A hearing date will be provided by the court after the Notice of Motion is filed. Criminal motions filed to the High Court are heard at the next available Magistrate’s Appeal sitting.
There must be at least 7 clear days between the service of the Notice of Motion on the other parties to the proceedings and the date of the hearing of the criminal motion. However, exceptions to the 7-day notice requirement may be made in the following circumstances:
- Where the court to which the criminal motion is made gives permission to hold the hearing within the 7-day notice period; or
- Each party required to be served with the Notice of Motion consents to the application that is sought under the criminal motion (such as an extension of time to file a Notice of Appeal).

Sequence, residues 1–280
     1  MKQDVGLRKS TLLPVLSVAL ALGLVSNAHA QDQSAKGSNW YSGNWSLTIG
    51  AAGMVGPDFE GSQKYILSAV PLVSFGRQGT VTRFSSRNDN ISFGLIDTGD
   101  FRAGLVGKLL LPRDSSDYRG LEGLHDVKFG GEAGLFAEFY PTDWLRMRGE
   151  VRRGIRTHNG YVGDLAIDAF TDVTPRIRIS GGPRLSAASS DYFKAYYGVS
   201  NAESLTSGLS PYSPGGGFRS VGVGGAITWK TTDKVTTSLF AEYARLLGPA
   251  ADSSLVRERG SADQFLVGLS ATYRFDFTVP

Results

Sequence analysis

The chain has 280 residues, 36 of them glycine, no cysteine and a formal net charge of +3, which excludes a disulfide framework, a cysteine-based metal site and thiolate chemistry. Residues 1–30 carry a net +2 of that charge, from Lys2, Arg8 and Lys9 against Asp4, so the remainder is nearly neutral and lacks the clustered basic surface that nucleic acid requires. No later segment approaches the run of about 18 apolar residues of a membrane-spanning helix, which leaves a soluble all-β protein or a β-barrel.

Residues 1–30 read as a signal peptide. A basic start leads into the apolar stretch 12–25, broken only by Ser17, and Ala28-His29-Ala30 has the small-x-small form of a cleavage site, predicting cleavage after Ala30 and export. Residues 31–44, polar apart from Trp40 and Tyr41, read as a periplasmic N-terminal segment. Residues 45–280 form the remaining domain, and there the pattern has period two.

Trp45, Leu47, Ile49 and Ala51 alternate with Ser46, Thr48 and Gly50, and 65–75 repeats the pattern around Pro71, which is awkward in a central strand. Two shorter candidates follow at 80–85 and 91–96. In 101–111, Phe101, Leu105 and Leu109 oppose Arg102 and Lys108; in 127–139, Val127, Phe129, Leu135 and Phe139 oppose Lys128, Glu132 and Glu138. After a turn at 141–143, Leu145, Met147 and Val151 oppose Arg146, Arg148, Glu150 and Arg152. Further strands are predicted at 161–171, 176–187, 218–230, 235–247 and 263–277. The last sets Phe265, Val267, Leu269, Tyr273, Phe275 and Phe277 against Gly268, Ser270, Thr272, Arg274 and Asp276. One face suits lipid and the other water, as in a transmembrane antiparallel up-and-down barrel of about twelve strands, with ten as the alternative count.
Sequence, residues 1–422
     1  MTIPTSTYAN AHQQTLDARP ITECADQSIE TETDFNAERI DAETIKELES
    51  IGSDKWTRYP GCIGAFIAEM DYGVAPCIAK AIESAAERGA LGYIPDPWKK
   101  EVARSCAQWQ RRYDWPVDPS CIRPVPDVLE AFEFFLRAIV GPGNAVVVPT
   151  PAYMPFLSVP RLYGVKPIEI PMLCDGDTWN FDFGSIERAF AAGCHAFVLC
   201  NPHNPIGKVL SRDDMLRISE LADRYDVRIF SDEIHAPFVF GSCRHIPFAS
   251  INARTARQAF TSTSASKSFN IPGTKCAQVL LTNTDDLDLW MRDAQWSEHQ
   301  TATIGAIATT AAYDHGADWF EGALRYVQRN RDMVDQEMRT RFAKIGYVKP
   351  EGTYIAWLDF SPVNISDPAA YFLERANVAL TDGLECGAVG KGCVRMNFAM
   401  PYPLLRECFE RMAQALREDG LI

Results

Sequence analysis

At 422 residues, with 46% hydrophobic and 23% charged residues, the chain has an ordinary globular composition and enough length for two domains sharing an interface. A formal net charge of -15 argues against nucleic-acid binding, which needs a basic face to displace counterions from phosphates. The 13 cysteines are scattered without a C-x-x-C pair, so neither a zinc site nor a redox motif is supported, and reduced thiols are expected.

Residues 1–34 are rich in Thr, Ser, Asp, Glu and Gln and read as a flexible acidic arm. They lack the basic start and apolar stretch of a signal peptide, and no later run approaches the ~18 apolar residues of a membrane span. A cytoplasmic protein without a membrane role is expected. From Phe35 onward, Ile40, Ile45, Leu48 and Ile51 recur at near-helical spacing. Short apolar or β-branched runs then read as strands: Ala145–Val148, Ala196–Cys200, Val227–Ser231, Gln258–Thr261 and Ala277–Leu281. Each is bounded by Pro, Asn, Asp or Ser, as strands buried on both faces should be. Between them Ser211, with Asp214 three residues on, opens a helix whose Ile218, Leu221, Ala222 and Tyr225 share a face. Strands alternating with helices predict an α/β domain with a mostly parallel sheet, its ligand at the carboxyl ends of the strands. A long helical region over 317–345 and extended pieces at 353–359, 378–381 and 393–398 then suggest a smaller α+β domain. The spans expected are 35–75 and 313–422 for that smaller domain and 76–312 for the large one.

The relevant court may also adjourn the hearing of a criminal motion from time to time, as it deems fit.
On the day of the hearing, the court will hear the criminal motion and make a decision whether to grant or dismiss it, and the terms on which it is to be granted or dismissed.
Attendance of Criminal Motions
Members of the public may attend criminal motions which are heard in open court.
In addition, the relevant court may hear a criminal motion in the absence of either party to the criminal proceedings where:
- The respondent (i.e. the opposing party to the proceedings) is either the prosecution or an accused who is represented by a lawyer; and
- Each party to the proceeding consents to the criminal motion being dealt with in the absence of that party, and consents to the relief or remedy that is sought under the criminal motion.